– Baked Goods
– Processed Meats
– Salad Dressings
– Cake and Cookie Mixes
– Cheese Flavored Snacks
– And Some Candies
You can check your food labels to see if there is hidden lactose in them by looking for ingredients such as:
– Dried Milk
– Milk Solids
– Powdered Milk
– And Milk Byproducts
Critical to successfully treating lactose intolerance is ensuring that you still maintain a nutritious diet complete with all of the necessary vitamins and minerals.
In particular, you will want to ensure that you get enough calcium and vitamin D if you reduce your dairy intake, as milk is a common source of both of these essential vitamins and minerals. Foods that you can eat to ensure you get enough calcium and vitamin D in your diet include:
– Broccoli and leafy green vegetables
– Calcium and vitamin D-fortified products such as orange juice.
– Dried beans
– And fatty fish like salmon or tuna.
If you are conscious of your diet, you can still maintain good nutrition even if you limit your dairy intake.
If you suffer from lactose intolerance, certain alternative medicines may be able to help provide relief. In particular, probiotics may be able to help your body digest lactose, which could reduce your symptoms.
Probiotics are living organisms in your intestines that help keep your digestive system healthy. They are used to treat a variety of gastrointestinal conditions including diarrhea and irritable bowel syndrome (IBS), and taking probiotic supplements may provide relief for your lactose intolerance. Of course, it is important that you talk to your doctor before you start taking any supplements, particularly if you take any other medications.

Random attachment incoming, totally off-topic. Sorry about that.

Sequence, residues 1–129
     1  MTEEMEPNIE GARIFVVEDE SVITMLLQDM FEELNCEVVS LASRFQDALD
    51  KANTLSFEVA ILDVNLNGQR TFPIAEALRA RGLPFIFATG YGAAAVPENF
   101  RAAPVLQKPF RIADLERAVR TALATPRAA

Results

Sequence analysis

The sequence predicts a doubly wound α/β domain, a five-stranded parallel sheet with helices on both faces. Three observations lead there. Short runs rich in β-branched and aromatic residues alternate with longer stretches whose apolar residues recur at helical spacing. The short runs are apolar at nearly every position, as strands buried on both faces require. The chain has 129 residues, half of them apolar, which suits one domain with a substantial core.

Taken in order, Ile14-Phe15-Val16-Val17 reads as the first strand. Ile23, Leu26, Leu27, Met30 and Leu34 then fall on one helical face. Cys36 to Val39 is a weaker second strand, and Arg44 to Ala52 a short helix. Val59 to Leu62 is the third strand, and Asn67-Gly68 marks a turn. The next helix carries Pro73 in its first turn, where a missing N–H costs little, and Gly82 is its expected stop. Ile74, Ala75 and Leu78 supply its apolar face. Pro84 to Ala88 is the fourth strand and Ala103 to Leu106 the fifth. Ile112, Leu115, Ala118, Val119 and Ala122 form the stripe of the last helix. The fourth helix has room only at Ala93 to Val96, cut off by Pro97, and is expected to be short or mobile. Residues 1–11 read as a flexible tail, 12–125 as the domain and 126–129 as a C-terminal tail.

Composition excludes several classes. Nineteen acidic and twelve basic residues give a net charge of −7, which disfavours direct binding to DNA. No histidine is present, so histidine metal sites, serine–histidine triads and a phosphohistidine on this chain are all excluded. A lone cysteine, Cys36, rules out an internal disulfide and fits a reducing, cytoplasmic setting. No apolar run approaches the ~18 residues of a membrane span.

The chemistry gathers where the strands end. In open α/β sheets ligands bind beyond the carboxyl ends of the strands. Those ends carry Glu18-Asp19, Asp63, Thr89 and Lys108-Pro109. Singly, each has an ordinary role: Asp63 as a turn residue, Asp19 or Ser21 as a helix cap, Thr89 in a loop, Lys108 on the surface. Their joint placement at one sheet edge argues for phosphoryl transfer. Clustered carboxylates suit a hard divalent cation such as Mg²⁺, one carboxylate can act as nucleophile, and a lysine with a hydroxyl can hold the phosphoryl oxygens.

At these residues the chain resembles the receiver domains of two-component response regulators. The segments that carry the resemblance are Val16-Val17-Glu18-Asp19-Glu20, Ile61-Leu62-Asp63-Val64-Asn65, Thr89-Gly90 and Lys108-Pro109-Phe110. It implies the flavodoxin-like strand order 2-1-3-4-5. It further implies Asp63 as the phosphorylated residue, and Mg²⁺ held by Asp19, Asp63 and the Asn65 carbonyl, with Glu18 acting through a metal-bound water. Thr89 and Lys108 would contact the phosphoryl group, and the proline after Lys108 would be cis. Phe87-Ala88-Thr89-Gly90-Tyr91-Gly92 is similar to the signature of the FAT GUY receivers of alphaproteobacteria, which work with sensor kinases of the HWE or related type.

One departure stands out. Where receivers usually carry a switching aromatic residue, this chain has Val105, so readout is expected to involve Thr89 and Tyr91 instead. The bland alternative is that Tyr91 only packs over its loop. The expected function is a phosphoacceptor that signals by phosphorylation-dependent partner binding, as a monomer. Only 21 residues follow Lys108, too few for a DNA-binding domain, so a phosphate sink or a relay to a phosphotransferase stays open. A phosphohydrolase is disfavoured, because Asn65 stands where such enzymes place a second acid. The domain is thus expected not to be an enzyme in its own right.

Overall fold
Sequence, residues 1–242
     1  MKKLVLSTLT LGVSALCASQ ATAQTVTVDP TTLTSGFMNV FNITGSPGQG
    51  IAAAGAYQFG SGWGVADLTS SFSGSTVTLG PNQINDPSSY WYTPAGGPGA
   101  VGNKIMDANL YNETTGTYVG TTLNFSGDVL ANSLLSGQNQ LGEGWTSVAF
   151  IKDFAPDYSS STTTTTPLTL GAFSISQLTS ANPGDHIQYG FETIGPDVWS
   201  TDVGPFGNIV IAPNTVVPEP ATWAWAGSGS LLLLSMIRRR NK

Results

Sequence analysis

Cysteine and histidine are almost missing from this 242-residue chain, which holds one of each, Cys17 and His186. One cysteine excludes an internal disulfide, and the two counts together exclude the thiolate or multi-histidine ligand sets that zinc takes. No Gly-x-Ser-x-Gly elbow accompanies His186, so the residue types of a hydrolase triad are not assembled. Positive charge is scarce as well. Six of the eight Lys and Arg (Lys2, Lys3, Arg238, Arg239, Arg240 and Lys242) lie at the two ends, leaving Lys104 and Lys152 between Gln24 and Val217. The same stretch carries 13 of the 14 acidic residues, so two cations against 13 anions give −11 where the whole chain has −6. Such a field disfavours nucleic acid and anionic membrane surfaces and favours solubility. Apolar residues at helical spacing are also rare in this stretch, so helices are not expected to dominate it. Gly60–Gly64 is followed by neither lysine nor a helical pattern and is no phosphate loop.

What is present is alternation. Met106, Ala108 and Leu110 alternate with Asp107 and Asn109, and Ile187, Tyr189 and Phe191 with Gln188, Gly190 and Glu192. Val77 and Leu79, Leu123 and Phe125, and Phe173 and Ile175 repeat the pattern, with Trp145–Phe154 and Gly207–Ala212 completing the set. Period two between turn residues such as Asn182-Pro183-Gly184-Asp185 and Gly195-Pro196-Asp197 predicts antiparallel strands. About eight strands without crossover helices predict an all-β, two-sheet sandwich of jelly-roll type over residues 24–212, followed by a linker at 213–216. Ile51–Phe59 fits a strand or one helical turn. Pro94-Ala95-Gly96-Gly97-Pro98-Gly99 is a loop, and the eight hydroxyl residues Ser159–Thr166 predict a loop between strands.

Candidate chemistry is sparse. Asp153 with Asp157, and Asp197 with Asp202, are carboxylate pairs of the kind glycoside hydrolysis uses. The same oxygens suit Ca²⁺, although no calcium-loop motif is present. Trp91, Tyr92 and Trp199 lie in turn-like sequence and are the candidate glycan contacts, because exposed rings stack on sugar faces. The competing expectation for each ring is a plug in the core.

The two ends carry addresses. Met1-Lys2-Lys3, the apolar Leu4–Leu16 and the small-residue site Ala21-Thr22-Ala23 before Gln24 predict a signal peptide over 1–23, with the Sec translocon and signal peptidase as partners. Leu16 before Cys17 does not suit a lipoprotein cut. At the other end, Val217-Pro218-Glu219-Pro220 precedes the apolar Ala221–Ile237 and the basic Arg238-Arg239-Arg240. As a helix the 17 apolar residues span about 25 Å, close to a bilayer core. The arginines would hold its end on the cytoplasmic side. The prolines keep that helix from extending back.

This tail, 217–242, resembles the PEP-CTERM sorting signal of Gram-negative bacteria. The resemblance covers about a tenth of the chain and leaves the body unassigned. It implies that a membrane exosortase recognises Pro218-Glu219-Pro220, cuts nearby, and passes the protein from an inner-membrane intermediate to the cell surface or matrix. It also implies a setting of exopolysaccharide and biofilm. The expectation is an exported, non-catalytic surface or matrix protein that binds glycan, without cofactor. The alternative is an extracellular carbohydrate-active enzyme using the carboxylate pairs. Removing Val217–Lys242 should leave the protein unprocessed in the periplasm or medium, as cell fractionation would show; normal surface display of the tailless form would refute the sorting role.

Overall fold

Oftentimes, people with lactose intolerance are able to manage their symptoms through simple diet and lifestyle changes. However, if your symptoms are severe and you have trouble managing them, you should talk to your doctor.
Your lactose intolerance may be the result of another condition, such as an injury to your small intestine or undiagnosed IBS, and you may be able to tolerate lactose once your underlying condition is treated.
Even if you don’t have any underlying conditions, your doctor can talk to you about additional treatment options such as lactase enzyme tablets or drops.
These tablets/drops contain the lactase enzyme, which could help your body break down the lactose in dairy products. While lactase products don’t work for everyone, many people with lactose intolerance find they help reduce their symptoms.
Your doctor can help go over all of your treatment options with you and provide advice on what medications, supplements, and dietary changes could help provide relief for your symptoms.
Feel free to contact us to learn more about lactose intolerance and the treatment options that could help reduce your symptoms.
Gyan Gastroenterology (Sudha Nahar, MD) (732) 873-1600
Associated Gastroenterology of Central New Jersey (Lawrence Pickover, MD) (732) 846-2777
Steven H. Krawet, MD (732) 390-5534
Nashed Botros, MD (732) 967- 9595
Satya Kastuar, MD (732) 821-0011
Cape Atlantic Gastroenterology Associates (Richard Troum, DO, FACG) (609)-465-1511